Sony Xperia Tablet: is a safety first approach really the solution?

Sony Xperia Tablet: is a safety first approach really the solution?Sony's Tablet P and Tablet S are in many ways the perfect argument why rival tablet makers have little choice but to follow in the iPad's footsteps: for the most part, alternative approaches have quite simply failed.

It's no surprise then that the follow-up Xperia Tablet we heard about for the first time last month comes with a far more conventional design, one that's now been revealed in a decent-quality pic. But has it lost the originality that was one of the few plus points of the original in the first place?

Considering it's one of the highest-profile electronics firms on the planet, Sony sure seems to struggle a lot. It's regularly reporting huge losses, has been responsible for some massive stuff-ups and controversies down the years, and when it comes to the mobile sector anyway, has under-achieved with its products for so long you genuinely question whether its has the slightest clue what Mr J Public actually wants.

So with some product pics now added to the original XDA post that brought it to our attention in the first place, it's time to ask: is the Sony Xperia Tablet going to change our opinion?

Doesn't look like it, does it?

Sony has clearly been stung by the lack of success of its Tablet S (let's not even talk about the Tablet P) and the brief has clearly been to rein in the quirkiness of the original in favour of a far more conventional – dare we say corporate – design.

It's a nice-looking piece of kit and all that, and is a whole lot slimmer, but we have an entire year of Sony and HTC smartphones that prove that making it thin just isn't the formula for success that a lot of people seem to think.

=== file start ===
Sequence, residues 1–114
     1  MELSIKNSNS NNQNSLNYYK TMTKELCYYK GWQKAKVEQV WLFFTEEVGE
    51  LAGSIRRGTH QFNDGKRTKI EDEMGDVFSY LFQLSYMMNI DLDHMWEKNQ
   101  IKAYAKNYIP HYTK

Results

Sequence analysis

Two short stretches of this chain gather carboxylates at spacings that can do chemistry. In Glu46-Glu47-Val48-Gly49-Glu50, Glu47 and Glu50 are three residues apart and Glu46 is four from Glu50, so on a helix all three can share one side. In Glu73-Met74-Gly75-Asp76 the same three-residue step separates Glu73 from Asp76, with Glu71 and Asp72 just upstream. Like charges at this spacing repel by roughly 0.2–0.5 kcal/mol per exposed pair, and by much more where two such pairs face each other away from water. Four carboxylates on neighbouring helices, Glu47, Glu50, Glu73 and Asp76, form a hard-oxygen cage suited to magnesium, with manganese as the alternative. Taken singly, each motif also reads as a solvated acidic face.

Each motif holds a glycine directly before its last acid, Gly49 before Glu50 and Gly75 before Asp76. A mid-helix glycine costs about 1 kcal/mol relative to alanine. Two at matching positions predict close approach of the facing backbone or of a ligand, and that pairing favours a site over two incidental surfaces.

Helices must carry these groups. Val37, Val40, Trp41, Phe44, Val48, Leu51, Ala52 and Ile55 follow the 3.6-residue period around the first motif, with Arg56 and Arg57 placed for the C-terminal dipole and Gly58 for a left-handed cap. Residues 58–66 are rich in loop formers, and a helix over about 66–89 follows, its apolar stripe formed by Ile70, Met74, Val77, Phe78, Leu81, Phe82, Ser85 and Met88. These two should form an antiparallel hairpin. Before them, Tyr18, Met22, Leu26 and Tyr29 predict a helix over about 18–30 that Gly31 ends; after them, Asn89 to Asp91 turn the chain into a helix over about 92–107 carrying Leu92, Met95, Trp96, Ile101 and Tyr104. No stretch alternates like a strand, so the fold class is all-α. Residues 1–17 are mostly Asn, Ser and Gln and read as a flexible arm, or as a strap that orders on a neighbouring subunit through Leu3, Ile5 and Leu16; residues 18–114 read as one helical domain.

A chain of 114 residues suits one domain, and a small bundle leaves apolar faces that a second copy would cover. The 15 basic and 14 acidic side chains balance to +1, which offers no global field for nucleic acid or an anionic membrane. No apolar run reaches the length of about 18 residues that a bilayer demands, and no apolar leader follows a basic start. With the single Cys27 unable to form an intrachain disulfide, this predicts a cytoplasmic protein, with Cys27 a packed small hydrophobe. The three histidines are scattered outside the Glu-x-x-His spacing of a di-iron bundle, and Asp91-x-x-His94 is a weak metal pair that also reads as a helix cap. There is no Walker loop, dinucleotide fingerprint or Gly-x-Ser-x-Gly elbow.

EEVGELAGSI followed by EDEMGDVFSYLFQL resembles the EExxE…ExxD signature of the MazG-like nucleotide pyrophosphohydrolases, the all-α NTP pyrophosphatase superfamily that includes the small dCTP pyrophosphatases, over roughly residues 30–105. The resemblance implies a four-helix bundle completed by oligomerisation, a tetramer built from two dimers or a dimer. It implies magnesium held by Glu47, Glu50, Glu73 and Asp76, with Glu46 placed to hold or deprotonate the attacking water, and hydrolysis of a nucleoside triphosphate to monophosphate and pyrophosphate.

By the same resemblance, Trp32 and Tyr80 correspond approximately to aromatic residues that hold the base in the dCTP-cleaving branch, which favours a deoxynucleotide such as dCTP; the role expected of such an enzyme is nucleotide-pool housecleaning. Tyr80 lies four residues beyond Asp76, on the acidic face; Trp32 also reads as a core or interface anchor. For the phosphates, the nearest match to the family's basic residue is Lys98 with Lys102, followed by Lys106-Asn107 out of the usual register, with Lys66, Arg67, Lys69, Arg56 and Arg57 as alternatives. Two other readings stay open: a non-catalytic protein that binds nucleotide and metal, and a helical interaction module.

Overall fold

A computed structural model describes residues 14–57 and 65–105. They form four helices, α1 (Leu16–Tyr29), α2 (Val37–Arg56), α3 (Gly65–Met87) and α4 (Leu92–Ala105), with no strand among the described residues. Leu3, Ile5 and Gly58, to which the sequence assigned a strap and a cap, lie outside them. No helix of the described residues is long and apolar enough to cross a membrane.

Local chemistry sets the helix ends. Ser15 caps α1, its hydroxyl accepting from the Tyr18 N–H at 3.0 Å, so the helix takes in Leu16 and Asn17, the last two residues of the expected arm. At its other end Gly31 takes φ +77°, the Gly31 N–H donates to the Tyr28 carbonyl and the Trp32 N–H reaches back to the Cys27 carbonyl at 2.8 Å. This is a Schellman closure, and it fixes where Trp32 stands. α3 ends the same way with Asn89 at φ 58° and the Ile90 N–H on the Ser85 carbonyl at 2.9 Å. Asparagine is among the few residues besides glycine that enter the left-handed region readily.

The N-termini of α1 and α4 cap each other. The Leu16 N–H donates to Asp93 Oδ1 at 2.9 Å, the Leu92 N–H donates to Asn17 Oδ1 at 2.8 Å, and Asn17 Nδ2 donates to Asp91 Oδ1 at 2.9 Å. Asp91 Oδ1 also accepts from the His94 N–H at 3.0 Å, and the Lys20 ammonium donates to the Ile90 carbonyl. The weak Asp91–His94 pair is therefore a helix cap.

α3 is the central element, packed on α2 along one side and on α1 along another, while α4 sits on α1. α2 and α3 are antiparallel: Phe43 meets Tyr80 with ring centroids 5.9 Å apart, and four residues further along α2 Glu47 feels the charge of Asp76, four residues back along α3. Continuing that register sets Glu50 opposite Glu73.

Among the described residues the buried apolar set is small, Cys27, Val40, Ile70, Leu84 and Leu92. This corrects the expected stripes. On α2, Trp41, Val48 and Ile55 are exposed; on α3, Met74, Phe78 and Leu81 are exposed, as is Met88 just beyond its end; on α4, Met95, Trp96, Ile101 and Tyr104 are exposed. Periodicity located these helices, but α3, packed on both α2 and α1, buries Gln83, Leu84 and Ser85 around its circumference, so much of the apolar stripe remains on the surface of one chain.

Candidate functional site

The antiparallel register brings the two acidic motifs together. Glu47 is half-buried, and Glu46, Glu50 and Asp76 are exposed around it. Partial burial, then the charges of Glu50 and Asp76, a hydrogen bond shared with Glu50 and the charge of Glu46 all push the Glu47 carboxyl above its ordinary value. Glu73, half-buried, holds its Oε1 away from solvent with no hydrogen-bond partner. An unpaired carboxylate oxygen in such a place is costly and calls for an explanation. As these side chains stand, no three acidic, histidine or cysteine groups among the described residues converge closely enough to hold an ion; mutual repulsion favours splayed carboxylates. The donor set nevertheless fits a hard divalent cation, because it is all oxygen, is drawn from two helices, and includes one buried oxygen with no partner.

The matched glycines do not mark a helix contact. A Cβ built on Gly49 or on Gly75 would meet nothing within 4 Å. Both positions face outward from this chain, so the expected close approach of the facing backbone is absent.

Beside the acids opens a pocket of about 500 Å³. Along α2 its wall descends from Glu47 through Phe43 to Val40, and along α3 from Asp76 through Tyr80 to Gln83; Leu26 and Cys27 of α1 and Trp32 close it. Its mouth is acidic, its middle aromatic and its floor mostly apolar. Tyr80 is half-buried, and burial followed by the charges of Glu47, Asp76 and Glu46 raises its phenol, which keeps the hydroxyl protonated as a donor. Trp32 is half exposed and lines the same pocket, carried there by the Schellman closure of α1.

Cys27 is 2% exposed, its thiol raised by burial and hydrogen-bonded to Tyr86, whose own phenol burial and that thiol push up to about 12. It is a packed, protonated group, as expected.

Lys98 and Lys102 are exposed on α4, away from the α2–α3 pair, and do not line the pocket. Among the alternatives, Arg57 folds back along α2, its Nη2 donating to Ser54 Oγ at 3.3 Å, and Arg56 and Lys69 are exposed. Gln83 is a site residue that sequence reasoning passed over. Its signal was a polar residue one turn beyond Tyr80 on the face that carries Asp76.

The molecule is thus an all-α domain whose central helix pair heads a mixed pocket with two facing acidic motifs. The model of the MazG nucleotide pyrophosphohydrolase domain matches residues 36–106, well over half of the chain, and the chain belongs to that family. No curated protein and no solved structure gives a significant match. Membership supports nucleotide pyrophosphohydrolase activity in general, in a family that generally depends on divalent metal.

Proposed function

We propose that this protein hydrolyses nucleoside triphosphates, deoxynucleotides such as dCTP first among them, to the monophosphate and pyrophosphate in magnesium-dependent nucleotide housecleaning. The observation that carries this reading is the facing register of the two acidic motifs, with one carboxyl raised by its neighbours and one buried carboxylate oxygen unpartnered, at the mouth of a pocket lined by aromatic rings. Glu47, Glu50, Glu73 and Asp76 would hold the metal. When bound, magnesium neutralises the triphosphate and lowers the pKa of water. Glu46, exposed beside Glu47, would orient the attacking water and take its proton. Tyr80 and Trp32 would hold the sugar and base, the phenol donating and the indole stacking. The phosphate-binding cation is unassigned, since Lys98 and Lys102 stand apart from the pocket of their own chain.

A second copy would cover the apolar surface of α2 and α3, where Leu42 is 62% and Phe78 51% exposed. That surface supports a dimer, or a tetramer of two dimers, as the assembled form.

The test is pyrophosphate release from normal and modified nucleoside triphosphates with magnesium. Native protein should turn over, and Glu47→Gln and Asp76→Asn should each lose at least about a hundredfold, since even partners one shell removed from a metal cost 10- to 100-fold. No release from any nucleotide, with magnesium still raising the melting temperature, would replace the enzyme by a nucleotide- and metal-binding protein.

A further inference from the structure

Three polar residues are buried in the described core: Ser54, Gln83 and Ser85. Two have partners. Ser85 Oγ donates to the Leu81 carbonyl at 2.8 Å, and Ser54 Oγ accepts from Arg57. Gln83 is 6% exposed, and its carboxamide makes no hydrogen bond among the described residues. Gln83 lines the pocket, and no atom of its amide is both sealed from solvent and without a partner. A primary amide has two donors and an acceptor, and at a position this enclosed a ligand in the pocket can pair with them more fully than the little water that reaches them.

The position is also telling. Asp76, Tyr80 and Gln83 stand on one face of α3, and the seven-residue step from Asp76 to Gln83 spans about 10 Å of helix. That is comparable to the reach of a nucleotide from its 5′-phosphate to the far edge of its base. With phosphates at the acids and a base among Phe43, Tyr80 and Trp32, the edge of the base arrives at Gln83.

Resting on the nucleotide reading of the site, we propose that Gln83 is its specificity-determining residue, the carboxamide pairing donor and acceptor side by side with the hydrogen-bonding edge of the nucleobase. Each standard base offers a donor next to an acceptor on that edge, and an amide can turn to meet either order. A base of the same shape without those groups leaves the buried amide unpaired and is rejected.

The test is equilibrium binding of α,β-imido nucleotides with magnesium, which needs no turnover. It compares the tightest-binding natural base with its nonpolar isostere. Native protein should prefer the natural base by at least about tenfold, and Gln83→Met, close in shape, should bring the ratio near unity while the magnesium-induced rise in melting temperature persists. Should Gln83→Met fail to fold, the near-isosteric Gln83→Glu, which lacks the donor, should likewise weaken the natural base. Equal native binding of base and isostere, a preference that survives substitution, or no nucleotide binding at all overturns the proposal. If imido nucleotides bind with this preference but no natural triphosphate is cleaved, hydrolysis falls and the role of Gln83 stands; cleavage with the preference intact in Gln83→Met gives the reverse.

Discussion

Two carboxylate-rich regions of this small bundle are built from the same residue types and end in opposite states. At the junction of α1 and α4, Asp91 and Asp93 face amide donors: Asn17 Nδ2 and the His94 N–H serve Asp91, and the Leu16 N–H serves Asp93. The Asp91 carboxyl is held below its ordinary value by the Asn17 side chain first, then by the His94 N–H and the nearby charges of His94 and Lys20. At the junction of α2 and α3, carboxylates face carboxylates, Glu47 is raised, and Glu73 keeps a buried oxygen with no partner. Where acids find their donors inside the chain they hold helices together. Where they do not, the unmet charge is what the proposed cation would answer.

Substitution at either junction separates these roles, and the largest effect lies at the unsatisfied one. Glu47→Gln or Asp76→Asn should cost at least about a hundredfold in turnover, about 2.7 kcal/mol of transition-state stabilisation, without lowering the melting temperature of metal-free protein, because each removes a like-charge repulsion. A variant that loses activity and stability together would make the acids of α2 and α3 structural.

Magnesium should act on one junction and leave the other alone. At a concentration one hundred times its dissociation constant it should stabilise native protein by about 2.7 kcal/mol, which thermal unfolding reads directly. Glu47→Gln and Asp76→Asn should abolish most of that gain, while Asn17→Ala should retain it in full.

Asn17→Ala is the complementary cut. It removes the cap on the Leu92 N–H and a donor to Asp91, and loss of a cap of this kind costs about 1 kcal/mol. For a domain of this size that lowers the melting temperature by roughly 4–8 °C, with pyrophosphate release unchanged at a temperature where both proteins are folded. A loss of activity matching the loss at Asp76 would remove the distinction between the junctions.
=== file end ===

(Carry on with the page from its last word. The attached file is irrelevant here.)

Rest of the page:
Maybe redemption lies on the inside, then? Possibly. Hearing “Sony” and “quad-core” in the same sentence isn't a bad start, but there's a fair case for arguing that all of Sony's screen-friendly technologies and software bits and bobs are largely going to be sold short by a display that remains exactly as it was before – 9.4 inches across and with a 1280 x 800 resolution.

At least Android will be pegged at version 4.0 or later – though why we should even have to say that about a tablet launching in September 2012 – but the biggest concern is suggestions that prices will start at $449.99 for the 16GB version (32GB and 64GB will also be available).

I'm willing to bet my entire Mobot stipend for the year – such as it is – that it won't cost that much six months later.

So no, this is no more Sony's knight in tablet armour than the original two were. What it needs is to take a similar approach to its DSLR assault after buying out Minolta: hit multiple price points, do it regularly, and challenge the big boys by delivering high quality features at market-changing price tags.

It's one of the few companies around that can actually do it, and it isn't a million miles away from that rather successful approach taken by those Samsung chappies.

Via Unwired View

Add a comment

Pondlife  Aug. 9, 2012 at 20:34

Well other than the way that samsungs tablets don't seem ever so much more successful.

JanSt / MOD  Aug. 9, 2012 at 20:57

The P is currently 7-fr*gging-hundred Euro in Ireland. Hahaha... The S is still around €450 for 16GB.

Pondlife  Aug. 9, 2012 at 21:09

The P is £200 in currys atm... Still not tempted, if they'd got the screens to the edge...

JanSt / MOD  Aug. 9, 2012 at 21:20

The P is £200 in currys atm... Still not tempted, if they'd got the screens to the edge... You're kidding? £200 vs €700? You see why I love Ireland?

Pondlife  Aug. 9, 2012 at 21:36

No I don't see really, Guiness fan? Think the stores here just want to clear the stock seen it a few times on hukd for about that.


You don't need an account to comment. Just enter your email address. We'll keep it private.